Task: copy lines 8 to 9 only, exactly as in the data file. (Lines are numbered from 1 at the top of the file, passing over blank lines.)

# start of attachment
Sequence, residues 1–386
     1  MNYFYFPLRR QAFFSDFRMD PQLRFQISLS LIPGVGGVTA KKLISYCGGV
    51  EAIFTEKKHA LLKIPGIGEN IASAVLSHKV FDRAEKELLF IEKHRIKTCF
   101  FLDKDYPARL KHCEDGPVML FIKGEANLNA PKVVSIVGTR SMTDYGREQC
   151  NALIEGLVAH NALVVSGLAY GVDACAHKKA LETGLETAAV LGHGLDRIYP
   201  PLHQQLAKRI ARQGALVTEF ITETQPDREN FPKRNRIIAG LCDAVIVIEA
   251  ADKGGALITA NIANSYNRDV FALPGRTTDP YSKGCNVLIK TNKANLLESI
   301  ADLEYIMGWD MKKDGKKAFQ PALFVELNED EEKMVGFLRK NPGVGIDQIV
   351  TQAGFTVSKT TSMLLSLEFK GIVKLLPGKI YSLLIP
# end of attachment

   301  ADLEYIMGWD MKKDGKKAFQ PALFVELNED EEKMVGFLRK NPGVGIDQIV
   351  TQAGFTVSKT TSMLLSLEFK GIVKLLPGKI YSLLIP